Then if we look at the details, there are other factors that make a difference: the microclimatic conditions, soil type, the varieties that we have planted and especially the people working on the land, the viticulture we do, which is designed to restrict productivity.

And all this affects the style of the wines. That’s right. In the case of white wines, for example, the varieties are very important, and for rosé wines it is the production system. For red wine it is perhaps the location that gives them their personality. In general the micro-area is really important: the set of unique climatic conditions affecting the vines in Baldomar. On the other side of the Segre, merlot, for example, does not have this unique taste.

What does the market think of your wines? I think it is quite impressed as we get very good ratings, especially for our Cristiari line. It is a brand that is based on excellent raw material. It provides premium product quality and also comes with an image and a style people like. It is the apple of our winery’s eye.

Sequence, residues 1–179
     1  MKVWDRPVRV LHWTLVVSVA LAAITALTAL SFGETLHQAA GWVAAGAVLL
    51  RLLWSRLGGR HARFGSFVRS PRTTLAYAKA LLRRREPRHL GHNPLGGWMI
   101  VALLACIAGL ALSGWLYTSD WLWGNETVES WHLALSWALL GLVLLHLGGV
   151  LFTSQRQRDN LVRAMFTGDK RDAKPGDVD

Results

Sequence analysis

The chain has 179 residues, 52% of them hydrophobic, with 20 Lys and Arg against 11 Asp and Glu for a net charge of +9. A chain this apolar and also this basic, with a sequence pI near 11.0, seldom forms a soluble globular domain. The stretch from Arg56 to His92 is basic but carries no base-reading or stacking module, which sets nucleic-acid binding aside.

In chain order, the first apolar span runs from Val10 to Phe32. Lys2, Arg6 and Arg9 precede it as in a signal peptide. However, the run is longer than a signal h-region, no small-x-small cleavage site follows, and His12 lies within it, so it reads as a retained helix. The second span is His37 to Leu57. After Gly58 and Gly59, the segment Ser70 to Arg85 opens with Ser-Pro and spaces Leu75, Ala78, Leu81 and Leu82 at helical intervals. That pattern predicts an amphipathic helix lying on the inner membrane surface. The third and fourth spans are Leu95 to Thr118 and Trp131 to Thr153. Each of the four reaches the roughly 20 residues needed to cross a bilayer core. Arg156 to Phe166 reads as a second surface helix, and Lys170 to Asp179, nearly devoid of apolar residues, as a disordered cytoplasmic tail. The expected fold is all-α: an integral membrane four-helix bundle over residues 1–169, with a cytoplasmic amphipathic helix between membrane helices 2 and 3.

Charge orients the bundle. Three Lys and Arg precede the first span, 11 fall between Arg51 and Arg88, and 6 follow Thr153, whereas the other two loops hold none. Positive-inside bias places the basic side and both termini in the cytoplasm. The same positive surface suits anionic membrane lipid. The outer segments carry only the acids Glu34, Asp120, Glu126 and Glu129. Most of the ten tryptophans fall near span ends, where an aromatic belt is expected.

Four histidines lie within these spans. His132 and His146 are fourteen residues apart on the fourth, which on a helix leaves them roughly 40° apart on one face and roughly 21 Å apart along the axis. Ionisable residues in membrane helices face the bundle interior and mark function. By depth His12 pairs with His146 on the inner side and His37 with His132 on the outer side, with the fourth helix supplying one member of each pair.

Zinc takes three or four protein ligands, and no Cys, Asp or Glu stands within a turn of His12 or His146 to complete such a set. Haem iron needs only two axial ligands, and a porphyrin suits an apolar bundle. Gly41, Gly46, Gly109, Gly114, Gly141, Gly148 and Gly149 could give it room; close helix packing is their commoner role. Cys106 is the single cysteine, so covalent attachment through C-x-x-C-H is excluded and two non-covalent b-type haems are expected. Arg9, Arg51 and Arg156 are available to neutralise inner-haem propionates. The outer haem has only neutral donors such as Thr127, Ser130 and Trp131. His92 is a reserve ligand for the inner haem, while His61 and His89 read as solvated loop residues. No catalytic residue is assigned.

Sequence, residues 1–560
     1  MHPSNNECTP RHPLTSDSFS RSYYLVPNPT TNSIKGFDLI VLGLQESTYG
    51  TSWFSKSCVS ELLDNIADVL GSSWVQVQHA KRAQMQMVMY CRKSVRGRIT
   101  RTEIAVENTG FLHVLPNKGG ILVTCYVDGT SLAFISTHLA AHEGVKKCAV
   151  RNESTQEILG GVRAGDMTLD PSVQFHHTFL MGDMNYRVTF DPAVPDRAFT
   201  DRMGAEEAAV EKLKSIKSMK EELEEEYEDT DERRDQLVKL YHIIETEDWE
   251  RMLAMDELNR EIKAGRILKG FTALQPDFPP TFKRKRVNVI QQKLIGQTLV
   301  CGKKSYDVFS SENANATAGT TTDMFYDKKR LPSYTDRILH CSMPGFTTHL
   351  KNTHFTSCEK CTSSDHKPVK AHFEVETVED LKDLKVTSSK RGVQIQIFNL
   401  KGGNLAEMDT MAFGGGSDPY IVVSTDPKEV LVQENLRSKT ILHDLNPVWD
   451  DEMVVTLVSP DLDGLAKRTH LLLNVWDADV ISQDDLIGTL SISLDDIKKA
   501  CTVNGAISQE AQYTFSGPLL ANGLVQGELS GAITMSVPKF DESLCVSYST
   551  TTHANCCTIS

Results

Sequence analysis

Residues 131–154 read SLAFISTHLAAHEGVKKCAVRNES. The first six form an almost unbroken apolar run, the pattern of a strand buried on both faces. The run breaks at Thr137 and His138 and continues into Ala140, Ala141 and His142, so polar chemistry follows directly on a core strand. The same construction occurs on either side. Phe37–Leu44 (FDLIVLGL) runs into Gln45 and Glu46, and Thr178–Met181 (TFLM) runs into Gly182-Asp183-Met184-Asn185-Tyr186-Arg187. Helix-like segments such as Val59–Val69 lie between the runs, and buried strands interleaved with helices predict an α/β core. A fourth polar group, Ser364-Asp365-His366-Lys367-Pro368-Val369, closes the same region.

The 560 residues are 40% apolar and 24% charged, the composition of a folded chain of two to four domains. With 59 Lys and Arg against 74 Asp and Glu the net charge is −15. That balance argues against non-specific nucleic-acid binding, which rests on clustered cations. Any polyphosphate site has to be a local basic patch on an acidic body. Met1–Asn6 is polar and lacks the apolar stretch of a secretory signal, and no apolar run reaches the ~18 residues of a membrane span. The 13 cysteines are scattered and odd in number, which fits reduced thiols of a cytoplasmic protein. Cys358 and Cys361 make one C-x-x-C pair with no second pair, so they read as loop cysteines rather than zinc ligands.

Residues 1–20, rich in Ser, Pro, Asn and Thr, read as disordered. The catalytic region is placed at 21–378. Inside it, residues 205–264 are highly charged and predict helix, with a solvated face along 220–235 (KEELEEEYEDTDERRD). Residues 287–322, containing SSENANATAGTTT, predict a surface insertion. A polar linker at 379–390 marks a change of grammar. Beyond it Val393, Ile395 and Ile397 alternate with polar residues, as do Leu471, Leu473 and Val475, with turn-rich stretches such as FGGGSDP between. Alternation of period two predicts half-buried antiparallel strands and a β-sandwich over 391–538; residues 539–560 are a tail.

Where does the name ‘Cristiari’ come from? It came about in an odd way. In 1989 when we were bringing out our first rosé wine, we decided that such a great product should have its own name, so the whole family got together to brainstorm some ideas. After two weeks we had got 74 names, all of them local place names: ravines, streams, springs, mountains, farms and so on. In the end we had a shortlist of four and the winner was ‘Cristiari’, a name that appears in ancient notarial documents: the formula “Praies et Cristiari” refers to an area of the town on the road towards the Salgar chapel. With the help of the priest we then had in the village, Monsignor Joan Fenosa, we managed to work out that the expression referred to the path along which the prayers of Christians used to be taken.